Michael Davitt and Charles Parnell were the two leadng lights of the Land League of Mayo. Formed in response to the Land Act of 1870, which was actually intended to make life for Irish farmers less harsh. Unfortunately, most of the good it might have donw was wiped away by years of economic depression that followed it – and even had that not been the case, it fell far short of what the Irish wanted. The demands of the Land League were the three F’s: Fair rent, Fixity of tenure and Free sale. It was one of the major resistance movements against British Rule in Ireland, intended as a way to fight for Irish Independence within the system, and to relieve some of the burdens of occupation.
Inevitably, resistance crystallised around it to become something less legal and more overt: the period of prolonged civil unrest and low level rebellion generally known as the Land War, and the Land League of Mayo was suppressed as a revolutionary organisation in 1881, and many of its leaders thrown into prison.
One of the most influential scientists of all time, who revolutionized physics and had no small effect on global politics while he was at it, Albert Einstein was born in Ulm, in what was then the Kingdom of Württemberg in the German Empire. He and his family were non-observant Jews, but it’s not like that mattered to the Nazis in 1933, when Einstein moved to the United States.
From undistinguished beginnings, Einstein would become the most famous scientist of the 20th century, devising both the General and Special Theories of Relativity, winning the Nobel Prize for Physics in 1921, being a key advisor of President Franklin Roosevelt regarding atomic weapons, and even being offered the Presidency of Israel in 1952 (he declined). Time Magazine named him the Person of the Century in 1999.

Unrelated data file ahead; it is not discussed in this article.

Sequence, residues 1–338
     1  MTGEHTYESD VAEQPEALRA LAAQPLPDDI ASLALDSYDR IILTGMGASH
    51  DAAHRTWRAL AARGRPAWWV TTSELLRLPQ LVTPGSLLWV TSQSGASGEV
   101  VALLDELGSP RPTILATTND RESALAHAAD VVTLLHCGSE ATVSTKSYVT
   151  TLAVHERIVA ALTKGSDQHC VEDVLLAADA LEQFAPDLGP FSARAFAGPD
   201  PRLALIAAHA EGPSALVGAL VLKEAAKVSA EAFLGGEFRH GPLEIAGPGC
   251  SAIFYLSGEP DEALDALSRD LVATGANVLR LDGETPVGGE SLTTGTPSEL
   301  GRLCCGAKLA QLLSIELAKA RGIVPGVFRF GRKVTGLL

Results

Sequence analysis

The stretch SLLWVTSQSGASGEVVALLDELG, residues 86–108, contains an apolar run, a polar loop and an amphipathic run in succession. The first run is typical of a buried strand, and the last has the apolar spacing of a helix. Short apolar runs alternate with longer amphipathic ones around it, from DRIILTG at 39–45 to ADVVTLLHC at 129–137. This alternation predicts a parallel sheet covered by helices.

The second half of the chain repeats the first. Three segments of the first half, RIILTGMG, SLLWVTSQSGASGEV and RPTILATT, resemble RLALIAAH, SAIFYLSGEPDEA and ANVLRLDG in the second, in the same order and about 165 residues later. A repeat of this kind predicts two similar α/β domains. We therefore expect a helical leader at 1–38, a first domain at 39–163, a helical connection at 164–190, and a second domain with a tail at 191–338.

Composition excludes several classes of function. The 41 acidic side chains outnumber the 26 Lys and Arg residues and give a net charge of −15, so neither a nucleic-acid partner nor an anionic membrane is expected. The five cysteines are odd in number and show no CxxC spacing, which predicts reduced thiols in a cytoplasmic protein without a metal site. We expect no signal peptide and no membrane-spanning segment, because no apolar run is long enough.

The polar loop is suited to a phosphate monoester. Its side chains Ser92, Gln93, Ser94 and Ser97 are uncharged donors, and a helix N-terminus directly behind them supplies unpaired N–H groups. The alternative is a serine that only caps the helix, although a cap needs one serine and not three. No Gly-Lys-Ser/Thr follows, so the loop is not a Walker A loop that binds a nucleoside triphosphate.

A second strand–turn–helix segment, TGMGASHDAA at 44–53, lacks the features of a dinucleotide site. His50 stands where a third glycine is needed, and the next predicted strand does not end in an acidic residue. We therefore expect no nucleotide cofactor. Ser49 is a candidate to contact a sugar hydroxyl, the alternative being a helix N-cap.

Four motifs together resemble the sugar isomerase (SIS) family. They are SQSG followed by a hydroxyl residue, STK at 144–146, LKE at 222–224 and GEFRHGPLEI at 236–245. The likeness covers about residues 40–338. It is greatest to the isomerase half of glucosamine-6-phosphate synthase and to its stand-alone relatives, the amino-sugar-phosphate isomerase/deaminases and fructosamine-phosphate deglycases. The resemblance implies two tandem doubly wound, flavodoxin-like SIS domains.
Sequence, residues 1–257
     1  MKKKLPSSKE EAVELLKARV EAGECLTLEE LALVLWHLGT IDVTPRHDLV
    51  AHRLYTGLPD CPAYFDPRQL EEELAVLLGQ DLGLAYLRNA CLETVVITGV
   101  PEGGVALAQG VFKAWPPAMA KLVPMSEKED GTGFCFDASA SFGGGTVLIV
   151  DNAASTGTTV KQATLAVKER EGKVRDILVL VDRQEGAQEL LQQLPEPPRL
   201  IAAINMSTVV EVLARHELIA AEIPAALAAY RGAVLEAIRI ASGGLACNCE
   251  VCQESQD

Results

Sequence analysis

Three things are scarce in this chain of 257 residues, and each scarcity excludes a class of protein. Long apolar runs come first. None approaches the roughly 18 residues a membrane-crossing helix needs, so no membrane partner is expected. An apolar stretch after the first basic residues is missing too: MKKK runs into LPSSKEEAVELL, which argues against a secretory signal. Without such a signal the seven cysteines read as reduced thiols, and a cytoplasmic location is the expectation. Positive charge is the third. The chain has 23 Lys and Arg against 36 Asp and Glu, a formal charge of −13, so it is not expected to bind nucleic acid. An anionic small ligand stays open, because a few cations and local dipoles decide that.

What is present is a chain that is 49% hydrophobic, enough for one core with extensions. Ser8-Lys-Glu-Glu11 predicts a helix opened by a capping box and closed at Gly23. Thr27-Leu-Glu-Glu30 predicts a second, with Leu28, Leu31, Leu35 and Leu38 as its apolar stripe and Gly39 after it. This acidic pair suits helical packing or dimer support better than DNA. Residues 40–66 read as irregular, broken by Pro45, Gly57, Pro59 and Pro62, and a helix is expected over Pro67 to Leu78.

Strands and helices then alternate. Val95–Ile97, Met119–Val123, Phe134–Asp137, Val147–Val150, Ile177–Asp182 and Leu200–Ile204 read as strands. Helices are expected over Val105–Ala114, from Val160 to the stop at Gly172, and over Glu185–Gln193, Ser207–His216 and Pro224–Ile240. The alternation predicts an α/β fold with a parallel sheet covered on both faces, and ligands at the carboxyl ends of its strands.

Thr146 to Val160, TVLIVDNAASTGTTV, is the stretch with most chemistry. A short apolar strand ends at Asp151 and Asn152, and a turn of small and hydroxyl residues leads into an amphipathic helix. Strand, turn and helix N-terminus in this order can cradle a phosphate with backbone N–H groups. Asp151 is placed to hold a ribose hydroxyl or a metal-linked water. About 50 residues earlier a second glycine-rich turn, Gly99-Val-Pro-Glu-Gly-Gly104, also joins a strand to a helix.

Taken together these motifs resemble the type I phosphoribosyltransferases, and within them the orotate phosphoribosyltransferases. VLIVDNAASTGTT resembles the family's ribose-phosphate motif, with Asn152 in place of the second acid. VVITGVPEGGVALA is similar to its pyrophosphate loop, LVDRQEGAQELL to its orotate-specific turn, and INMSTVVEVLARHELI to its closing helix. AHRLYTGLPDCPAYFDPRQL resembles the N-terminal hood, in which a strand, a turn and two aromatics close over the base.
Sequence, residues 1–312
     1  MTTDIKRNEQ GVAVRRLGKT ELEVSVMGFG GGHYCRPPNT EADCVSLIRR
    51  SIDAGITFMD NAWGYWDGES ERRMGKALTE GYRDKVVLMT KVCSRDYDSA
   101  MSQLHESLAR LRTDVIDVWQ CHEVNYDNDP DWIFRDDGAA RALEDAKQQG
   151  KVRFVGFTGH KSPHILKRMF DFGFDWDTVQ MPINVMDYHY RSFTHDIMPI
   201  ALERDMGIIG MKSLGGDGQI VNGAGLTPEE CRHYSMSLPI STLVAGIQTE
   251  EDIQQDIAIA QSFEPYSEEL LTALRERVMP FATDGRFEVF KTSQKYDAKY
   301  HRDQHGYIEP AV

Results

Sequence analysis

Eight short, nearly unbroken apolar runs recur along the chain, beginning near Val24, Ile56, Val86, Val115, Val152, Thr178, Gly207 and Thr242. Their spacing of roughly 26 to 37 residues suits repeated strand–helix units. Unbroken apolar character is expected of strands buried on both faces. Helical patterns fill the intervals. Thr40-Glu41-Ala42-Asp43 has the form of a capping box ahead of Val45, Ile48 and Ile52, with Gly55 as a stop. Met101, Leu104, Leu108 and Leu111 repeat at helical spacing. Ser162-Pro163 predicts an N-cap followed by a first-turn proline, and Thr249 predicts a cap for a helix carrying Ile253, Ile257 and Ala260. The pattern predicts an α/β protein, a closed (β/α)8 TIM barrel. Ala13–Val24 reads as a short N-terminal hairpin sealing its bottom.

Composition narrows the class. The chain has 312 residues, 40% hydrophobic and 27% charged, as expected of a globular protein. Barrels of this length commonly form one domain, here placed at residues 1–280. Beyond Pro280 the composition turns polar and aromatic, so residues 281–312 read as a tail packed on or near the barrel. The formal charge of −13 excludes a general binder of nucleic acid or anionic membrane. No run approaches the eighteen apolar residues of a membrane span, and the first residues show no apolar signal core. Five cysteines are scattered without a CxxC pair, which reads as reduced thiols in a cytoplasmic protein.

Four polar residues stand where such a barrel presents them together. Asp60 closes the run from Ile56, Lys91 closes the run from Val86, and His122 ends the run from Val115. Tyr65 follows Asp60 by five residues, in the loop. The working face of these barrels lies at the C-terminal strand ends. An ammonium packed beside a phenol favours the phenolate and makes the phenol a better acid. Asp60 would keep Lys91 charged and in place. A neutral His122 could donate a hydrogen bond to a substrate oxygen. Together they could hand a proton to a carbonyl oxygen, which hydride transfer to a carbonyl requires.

Technically, he’d been in the process of inventing it for a while. October 22, 1879 is simply the day on which he first successfully tested a practical incandescent electric light bulb.
Reliable electric light is one of those inventions that changes the world. Sure, we aleady had candles and gaslight, but electric light was both brighter and more reliable than its predecessors. Edison changed the world with it. He changed the hours of our work and leisure, and the way we think about both.
And being Thomas Edison, he went on to invent still more stuff, many of which also changed the world, but none so much as the humble light bulb.
A series of border disputes between British settlers and the Zulu people escalated to the point where, in late 1878, the British sent an ultimatum to Cetshwayo, the ruler of the Zulu nation, requiring among other things that he disband his army, pay reparations and once more allow Christian missionaries into his lands. Cetshwayo ignored the ultimatum, which expired on January 10, 1879. The following day, a British and allied forced under Lieutenant General Frederick Thesiger, the 2nd Baron Chelmsford, invaded Zulu territory.
The Zulus had a massive numeric advantage over the British (over two to one), and were also fighting on their own land. The British, on the other hand, were better armed, with rifles and cannons as compared to the Zulu’s assegai (short spears). The Zulu nearly succeeded in overwhelming the British at Rorke’s Drift, but were turned back with enormous casualties on both sides. Another Zulu attack, at Islandwana, was more successful, and turned back the British. However, less than six months after the war’s commencement, the British had triumphed, and the Zulu nation’s power was broken forever.